On Sunday morning before breakfast, my Dad was on the way out to the heated garage he uses as a workshop and mentioned to me that sometime if I wanted to come out to the garage, he’d show me his mother’s old sewing machine.
It’s important to know that up until that moment I had no idea that this sewing machine even existed. On the day of my paternal grandmother’s funeral back in the summer of 1988, I had asked if I might have something of hers as a memento and was told at that time that all of her household things had been thrown away when she was placed in the nursing home a few years prior.
To now be told that something as significant as her sewing machine was just steps away had me rushing to put on shoes and coat and telling Dad that I’d come right now, little knowing the truly wonderful treasure I was about to discover.
By the time I got out to the garage, Dad had retrieved this case from the shelf where it’s usually stored.
He unlocked the original Bentwood Case and lifted the top from its base to reveal the little gem pictured below.
If you’ve been reading my blog for a while, you’ll know I have a bit of a passion for vintage Singer sewing machines. And there before me was one of the prettiest I have ever seen.
Dad showed me how the hand crank is moved into position to turn the hand wheel.
He opened up the black metal cover on the right end of the base where the extra bobbins and the original box containing several presser feet are kept.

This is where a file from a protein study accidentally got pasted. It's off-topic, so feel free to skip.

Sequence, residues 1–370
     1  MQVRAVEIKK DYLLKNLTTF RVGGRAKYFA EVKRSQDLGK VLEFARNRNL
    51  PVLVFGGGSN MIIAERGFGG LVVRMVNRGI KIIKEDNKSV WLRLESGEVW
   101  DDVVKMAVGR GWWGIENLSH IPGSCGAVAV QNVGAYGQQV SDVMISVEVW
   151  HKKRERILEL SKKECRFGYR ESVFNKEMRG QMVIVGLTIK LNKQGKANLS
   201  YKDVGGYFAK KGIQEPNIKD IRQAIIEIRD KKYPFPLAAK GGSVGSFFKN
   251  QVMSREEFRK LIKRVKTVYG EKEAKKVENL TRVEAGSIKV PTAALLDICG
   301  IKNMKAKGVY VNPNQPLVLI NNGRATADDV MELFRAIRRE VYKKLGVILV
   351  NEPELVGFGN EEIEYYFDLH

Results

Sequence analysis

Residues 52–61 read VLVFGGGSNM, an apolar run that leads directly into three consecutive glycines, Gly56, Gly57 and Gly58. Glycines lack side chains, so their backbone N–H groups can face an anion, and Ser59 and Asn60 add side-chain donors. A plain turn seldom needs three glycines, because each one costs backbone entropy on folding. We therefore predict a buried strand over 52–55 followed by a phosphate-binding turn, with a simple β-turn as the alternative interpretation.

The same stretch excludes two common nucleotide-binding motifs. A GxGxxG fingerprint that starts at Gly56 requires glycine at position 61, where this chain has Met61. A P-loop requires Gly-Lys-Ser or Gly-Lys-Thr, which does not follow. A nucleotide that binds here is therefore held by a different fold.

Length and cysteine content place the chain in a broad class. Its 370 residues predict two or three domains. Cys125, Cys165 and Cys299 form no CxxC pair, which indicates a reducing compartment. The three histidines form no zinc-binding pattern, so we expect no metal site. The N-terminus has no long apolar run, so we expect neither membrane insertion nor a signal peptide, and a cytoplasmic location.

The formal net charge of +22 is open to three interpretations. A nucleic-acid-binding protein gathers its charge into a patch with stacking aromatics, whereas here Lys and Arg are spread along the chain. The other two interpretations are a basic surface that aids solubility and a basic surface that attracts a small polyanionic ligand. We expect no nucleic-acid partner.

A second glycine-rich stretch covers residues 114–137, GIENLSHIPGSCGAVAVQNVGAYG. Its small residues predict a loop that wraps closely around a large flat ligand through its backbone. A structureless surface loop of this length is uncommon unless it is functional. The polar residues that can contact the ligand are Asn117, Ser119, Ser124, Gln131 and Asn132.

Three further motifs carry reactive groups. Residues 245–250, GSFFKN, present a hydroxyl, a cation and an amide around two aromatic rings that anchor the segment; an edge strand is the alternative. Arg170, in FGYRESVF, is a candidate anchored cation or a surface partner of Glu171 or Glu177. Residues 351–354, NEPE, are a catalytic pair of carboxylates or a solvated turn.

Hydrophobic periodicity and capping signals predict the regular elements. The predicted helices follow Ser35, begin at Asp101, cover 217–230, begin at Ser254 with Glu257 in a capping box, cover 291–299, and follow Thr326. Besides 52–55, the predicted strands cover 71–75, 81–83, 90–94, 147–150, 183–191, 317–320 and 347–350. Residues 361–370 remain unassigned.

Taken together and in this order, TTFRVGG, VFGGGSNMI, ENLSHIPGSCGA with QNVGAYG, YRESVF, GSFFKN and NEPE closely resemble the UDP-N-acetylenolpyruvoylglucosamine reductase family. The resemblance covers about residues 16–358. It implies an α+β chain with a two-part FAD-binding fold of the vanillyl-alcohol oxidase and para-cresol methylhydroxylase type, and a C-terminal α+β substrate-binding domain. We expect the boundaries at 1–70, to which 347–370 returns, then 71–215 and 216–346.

The decals and finish are in amazing condition.
But most amazing of all, is that it is still in perfect working order. My Dad uses it to mend and repair things he might be working on.
After I’d had my fill of looking at the machine, Dad replaced the cover and returned it to its spot on the shelf.
All through breakfast, I kept picturing it in my mind; seeing also in my mind’s eye, my grandmother sitting in front of it patching my father’s, uncles’ and aunt’s clothes.
As soon as breakfast was cleared away, I asked Dave to set up his laptop so that I could research when it was made and to determine what model it was.
I even had him bring the sewing machine into the house to assist in the identification process and so that I could take pictures of it.
The Singer Sewing Machine site yielded the fact that machines with the two letter prefix JA were built in 1924.
Then I used Sandman-Collectibles’ Singer Sewing Machine Identification Template to help me to identify the model as being a 128. (The bed of this machine is ¾ size whereas the bed of the 127 is full size.)
So to put it all together, my grandmother’s machine is a 1924 Singer Model 128 Hand Crank Sewing Machine.
Knowing there is still this tangible link to my grandmother has affected me quite profoundly. I knew that she crocheted and knitted and did embroidery. I even seem to remember her doing liquid embroidery back when I was a little girl.
I did not know that she also sewed. I’ve since learned that while she wasn’t the avid seamstress that my maternal grandmother was, she did use the machine for mending and to make the necessary repairs to every day household items.
Someday, when my father no longer needs it, the machine may come into my possession. Until then, I have the pictures and this new glimpse into my grandmother’s life.